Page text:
In another exemplary embodiment shown in
By using spaced apart projections having continuously curving outer surfaces in cross-section and arranged around the interface surface as shown in
In another exemplary embodiment, the interface surface may be formed without the second section 24. In other words, the spaced apart projections 44 and any of the optional annular bands 34, 36 and central projection 38 may all extend from a single surface which may be planar or non-planar and/or non-uniform. Any of the aforementioned exemplary embodiment cutting elements may have sharp cutting edges 50 or beveled cutting edges 52, as for example shown in
Applicant conducted comparative impact tests using cutting elements incorporating two prior art substrate interfaces and the inventive cutting elements incorporating the inventive interface. The first prior art interface design included a plurality of shallow depressions 60 formed across the entire interface as shown in
Three samples each having a cutting layer with the sharp cutting edge and the first prior art interface design were subjected to the five Joule impact test. Of the three samples, sample 1 had a 100% delamination of the cutting layer from the substrate after five impacts. Sample 2 had a 100% delamination of the cutting layer from the substrate after 25 impacts. Sample 3 had a small chip formed on the cutting layer after 25 impacts. Three samples each having a cutting layer with the sharp cutting edge and the second prior art interface design were subjected to the five Joule impact test. Sample 1 had 20% of the cutting layer chip and spall after three impacts. Sample 2 had 45% of the cutting layer chip or spall after 23 impacts. Sample 3 had 3% of the cutting layer chip after 25 impacts. Three samples of the inventive cutting element each having the substrate shown in
Three samples each having a cutting layer with the beveled cutting edge and the first prior art interface design were subjected to the ten Joule impact test. Sample 1 had no damage after 100 impacts. Sample 2 had no damage after 200 impacts. Sample 3 had 100% delamination of the cutting layer from the substrate after 300 impacts. Three samples each having a cutting layer with the beveled cutting edge and the second prior art interface design were subjected to the ten Joule impact test. Sample 1 had no damage after 100 impacts. Sample 2 had no damage after 200 impacts. Sample 3 had half of the cutting layer delaminated after 300 impacts. Three samples of the inventive cutting element each having the substrate shown in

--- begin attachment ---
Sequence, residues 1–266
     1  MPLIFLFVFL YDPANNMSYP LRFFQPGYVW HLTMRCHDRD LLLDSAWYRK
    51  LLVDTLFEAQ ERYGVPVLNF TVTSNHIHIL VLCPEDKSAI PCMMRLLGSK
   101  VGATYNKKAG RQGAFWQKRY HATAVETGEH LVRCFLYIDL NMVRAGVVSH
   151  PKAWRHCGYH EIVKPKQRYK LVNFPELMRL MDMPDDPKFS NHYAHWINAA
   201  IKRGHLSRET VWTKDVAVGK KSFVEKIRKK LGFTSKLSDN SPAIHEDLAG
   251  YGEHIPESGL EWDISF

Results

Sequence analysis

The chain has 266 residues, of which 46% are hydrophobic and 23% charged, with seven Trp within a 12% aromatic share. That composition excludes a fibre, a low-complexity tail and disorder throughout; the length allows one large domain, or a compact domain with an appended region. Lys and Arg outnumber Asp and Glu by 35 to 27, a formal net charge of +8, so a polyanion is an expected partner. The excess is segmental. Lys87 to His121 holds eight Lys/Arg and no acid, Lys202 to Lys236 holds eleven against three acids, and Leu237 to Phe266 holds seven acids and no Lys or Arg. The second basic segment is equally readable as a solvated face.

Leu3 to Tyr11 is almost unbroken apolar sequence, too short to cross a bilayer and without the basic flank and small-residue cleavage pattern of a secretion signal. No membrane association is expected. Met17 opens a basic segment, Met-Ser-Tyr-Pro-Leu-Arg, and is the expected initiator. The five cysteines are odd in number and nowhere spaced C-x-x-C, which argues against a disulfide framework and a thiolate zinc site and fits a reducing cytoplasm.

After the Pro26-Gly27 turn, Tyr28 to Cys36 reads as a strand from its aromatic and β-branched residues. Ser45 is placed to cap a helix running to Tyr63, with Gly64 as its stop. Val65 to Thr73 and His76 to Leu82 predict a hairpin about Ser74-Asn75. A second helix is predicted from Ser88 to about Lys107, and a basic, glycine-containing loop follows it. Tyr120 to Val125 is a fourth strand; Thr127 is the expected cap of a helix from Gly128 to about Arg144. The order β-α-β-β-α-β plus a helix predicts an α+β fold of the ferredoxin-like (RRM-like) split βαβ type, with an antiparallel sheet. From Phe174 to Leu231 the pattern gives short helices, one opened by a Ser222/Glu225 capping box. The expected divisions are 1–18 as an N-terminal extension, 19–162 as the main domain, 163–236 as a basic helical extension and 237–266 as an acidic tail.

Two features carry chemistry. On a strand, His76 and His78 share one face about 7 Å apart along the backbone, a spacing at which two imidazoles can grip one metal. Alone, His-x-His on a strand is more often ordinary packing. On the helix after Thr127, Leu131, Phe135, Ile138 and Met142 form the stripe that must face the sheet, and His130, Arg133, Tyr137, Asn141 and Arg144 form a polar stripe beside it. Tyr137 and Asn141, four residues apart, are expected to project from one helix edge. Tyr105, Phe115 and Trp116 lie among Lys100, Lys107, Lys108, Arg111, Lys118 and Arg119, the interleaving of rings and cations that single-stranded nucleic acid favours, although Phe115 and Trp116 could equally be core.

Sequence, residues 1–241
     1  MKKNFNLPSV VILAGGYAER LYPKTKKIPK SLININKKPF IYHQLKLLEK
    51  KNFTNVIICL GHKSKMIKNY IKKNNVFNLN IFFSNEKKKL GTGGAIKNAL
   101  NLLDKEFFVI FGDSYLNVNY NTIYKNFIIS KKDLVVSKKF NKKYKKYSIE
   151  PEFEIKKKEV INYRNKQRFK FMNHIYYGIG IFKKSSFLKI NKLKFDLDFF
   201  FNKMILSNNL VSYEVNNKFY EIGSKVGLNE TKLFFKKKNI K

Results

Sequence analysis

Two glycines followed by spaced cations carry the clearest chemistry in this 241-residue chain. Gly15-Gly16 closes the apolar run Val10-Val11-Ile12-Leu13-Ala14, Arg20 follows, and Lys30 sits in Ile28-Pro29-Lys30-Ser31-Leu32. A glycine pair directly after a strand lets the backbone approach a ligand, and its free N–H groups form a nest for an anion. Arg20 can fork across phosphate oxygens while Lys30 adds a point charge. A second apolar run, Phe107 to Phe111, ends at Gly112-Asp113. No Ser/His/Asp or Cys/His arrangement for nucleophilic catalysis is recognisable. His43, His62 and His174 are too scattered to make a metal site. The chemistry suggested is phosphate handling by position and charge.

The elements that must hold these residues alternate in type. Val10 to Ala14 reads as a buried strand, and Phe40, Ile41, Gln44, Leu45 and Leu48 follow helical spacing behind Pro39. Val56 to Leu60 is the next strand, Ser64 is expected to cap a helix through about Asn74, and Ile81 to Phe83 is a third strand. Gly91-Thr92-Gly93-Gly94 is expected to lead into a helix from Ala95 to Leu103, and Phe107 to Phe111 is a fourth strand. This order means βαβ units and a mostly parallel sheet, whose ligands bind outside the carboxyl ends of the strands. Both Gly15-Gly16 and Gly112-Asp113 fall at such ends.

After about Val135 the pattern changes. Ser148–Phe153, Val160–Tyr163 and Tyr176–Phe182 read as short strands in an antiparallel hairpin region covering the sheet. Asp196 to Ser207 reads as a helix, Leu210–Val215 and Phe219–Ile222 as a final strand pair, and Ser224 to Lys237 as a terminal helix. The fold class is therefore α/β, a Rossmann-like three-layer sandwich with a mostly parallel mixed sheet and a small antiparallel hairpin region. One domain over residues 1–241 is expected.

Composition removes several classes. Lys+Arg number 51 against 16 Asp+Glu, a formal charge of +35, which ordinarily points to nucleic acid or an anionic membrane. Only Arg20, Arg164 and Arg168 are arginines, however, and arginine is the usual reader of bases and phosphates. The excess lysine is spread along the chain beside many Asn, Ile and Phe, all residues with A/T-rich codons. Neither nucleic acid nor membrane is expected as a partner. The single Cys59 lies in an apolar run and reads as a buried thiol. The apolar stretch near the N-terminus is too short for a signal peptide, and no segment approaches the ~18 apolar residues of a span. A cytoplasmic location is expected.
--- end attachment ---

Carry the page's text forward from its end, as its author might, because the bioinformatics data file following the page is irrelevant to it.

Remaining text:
Additional advantages were seen by testing samples of cutting elements having the first and second prior art interfaces and the inventive interface shown in
Also, samples having the first and second prior art interfaces and the inventive interface shown in
where Δω is the shift in the Raman frequency, γ is the Grunesian constant, equaling 1.06, B is the bulk modulus, equaling 442 GPa, and σH is the hydrostatic stress. σH is defined as:
where σ1, σ2, and σ3 are the three orthogonal stresses in an arbitrary coordinate system, the sum of which equals the first stress invariant. In the center of the apex of an insert, it is reasonable to assume equibiaxial conditions σ1=σ2=σB and σ3=0). In which case, the relation between the biaxial stress σB and the peak shift is given by:
The equipment used to collect the Raman spectra employed a near-infrared laser operating at 785 nm, a fiber optic lens/collection system, and a spectrometer incorporating a CCD-array camera. The peak centers are determined by fitting a Gaussian curve to the experimental data using intrinsic fitting software. The Gaussian expression is given by:
where I(x) is the intensity as a function of position, I0 is the maximum intensity, ωC is the peak center, and w is the peak width, i.e., the full width at half maximum intensity. In this analysis, the fitted peak center was used to determine the residual stress. To facilitate accurate estimation of the residual stress, unsintered PCD powder was used to obtain the stress-free reference (1332.5 cm−1).
To assess the comparative residual stresses, the laser probe described above was used to measure the stresses in nine locations along the top PCD surface of cutting elements having the first and second prior art interfaces, and the inventive interface. The measured residual compressive residual stresses were found to be:
First Prior Art Interface:
874 ± 80 MPa
Second Prior Art Interface:
814 ± 49 MPa
766 ± 78 MPa
Use of the interface of the present invention showed a 12% reduction in residual stress in comparison to use of the first prior art interface, and a 6% reduction in residual stress in comparison to use of the second prior art interface. The results clearly indicated that a substantial reduction in residual stresses was achieved with the use of the inventive interface. The benefit of reduction in residual stress as a general design principle has been well established. For example, PCD cutting elements having lower residual stresses as measured by Raman spectroscopy have proven to have improved overall field performance. Thus it is expected that the reduced residual stress seen with the inventive interface will prove likewise beneficial to performance.